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View from Vienna: How well-founded is Viennese pessimism?

The Viennese are known for their pessimism. However, even by Viennese standards, 2019 began with a lot of worries about the outlook for CEE. This is surprising considering how good the last two years have been on the macro front, with regional economic activity at its best level since at least 2011. There are several reasons for the less positive 2019 outlook.

First, there is the politics. It is too simple to say that authoritarianism is on the rise in CEE, but it is clear that in many countries (and not only the usual suspects), things are going in the wrong direction. In addition, some conflicts in the Western Balkans and that between Russia and Ukraine could be heating up. The latter could be complicated further this year by presidential and parliamentary elections in Ukraine.

Second, and linked to increasing authoritarianism and state capture, institutional de-convergence is increasingly evident in CEE. For at least the first two decades after the start of transition, clear improvements were visible in much of CEE, in terms of both the quality and independence of bodies such as central banks, the judiciary, parliaments and the media. At least in some parts of the region—and, it should be stressed, not only in Turkey, Poland and Hungary—this has gone into reverse over the past decade. Arresting such a trend will be difficult and the negative implications could be far-reaching.

Third, East-West splits in the EU could well intensify further in 2019. On migration policy and the post-Brexit EU budget in particular, the battle lines are clearly drawn, and run East-West to a fairly large degree. The outcome of the European Parliament election and new Commission could also have important implications for CEE. Romania’s EU presidency, and the negative reactions to it in parts of Western Europe and Brussels, have shown rather brutally the extent to which the newer member states are still often seen in the continent’s wealthier half.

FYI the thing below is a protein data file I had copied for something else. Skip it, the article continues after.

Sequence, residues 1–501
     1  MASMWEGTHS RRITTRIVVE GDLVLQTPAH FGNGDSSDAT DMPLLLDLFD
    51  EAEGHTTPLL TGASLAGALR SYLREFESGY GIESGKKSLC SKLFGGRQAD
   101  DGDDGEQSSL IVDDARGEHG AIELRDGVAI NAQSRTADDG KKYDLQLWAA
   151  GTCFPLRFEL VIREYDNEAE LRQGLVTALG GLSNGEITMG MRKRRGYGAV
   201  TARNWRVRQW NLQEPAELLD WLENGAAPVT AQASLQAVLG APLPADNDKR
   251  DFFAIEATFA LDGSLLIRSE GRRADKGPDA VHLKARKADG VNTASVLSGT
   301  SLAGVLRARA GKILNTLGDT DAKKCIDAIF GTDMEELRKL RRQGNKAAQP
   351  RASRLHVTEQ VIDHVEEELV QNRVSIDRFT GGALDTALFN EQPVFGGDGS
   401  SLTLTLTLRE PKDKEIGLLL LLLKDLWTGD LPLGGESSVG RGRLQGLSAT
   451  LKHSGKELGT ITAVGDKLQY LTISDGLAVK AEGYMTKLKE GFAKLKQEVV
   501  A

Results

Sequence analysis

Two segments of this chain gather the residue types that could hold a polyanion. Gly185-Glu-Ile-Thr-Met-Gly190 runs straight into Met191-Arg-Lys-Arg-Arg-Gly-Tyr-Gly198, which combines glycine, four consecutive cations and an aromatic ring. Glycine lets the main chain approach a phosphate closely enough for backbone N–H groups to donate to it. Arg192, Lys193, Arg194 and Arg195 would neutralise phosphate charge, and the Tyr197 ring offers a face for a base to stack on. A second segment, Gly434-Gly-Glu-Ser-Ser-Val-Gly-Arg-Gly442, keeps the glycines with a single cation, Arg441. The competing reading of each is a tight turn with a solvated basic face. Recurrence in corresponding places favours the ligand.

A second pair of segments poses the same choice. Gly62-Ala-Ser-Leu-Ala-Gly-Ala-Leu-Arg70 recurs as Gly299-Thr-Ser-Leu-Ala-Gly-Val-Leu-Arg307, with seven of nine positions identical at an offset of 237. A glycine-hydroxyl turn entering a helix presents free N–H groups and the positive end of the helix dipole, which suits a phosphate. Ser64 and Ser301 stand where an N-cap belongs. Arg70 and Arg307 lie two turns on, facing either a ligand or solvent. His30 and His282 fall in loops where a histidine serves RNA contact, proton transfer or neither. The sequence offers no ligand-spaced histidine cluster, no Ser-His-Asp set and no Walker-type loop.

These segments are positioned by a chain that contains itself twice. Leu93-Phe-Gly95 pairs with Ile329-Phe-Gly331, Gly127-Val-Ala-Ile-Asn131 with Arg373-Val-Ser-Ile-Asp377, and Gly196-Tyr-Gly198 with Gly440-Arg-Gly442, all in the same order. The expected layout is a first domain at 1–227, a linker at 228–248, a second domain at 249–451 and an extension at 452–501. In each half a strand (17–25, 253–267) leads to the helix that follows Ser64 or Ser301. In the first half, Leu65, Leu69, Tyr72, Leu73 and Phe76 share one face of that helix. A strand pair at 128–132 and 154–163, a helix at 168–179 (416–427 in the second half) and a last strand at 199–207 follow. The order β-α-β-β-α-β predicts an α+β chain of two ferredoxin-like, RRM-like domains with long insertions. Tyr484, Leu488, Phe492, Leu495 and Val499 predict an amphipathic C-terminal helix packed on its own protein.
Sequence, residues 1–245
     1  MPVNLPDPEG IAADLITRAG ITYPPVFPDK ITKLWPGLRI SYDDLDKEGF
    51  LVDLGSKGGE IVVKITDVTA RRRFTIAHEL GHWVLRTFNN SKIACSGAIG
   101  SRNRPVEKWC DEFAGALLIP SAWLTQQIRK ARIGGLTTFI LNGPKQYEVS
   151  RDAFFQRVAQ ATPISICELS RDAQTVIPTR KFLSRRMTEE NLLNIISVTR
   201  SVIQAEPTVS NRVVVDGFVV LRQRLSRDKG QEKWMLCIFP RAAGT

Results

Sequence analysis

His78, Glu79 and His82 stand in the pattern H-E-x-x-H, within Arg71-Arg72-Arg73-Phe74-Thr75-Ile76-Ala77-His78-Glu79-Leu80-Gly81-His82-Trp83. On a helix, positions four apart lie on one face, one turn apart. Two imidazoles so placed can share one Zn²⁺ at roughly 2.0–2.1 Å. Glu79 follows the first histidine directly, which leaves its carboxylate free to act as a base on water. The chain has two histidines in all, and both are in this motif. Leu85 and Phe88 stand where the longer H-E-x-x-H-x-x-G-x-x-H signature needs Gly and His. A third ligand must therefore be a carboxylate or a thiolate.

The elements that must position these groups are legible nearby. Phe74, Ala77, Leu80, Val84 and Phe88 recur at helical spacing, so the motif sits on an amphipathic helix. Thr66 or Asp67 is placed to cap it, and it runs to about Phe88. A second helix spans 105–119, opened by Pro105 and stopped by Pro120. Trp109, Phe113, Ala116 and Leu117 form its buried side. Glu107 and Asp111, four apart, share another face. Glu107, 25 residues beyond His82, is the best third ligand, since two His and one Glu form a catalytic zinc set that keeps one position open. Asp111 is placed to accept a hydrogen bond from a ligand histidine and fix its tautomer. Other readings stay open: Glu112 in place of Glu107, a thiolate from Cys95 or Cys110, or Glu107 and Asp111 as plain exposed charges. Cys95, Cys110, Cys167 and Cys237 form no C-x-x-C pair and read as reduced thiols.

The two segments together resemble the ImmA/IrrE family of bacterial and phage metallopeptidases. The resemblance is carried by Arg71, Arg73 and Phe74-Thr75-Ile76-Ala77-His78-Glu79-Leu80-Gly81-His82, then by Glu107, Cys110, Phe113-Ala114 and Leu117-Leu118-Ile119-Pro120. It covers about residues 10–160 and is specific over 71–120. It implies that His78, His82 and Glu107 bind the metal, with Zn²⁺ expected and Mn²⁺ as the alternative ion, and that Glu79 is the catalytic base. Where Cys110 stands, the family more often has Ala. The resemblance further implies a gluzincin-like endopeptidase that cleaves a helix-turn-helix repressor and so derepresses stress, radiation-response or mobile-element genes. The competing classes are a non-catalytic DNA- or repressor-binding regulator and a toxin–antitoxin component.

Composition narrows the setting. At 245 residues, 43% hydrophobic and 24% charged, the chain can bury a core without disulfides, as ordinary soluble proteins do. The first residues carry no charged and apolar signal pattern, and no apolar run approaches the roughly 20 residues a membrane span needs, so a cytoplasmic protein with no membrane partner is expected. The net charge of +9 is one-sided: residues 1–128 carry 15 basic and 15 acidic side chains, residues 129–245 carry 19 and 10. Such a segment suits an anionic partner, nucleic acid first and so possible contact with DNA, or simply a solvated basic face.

Finally, the macroeconomic backdrop is set to deteriorate. Although aggregate CEE growth rates will still be decent in 2019, this year is likely to be notably worse than 2017-18 for most. A big challenge will be the external slowdown, both in the eurozone and at the global level. The Chinese economy has already weaker, and the US-China trade war could deliver a further hefty blow to global trade and sentiment. CEE is highly exposed to this, both directly and via Germany, which sits at the centre of cross-border supply chains stretching deep into Eastern Europe, and for which the eventual market is often the US or China.

Seen from Vienna, these things are particularly concerning. Austria is an open economy reliant on trade with its neighbours, and its firms are heavily engaged in CEE. Political and economic disruption in the region this year would certainly prove the typical Viennese pessimism well-founded.

The views expressed in this opinion editorial are the author’s own and do not necessarily reflect Emerging Europe’s editorial policy. 

About the author

Richard Grieveson

Richard Grieveson

Richard Grieveson is an economist at the Vienna Institute for International Economic Studies — wiiw.

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